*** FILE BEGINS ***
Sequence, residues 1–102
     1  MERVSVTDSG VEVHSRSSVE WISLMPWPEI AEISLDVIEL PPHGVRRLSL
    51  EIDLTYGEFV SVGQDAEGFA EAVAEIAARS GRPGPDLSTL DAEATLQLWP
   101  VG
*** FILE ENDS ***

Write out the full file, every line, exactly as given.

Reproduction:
Sequence, residues 1–102
     1  MERVSVTDSG VEVHSRSSVE WISLMPWPEI AEISLDVIEL PPHGVRRLSL
    51  EIDLTYGEFV SVGQDAEGFA EAVAEIAARS GRPGPDLSTL DAEATLQLWP
   101  VG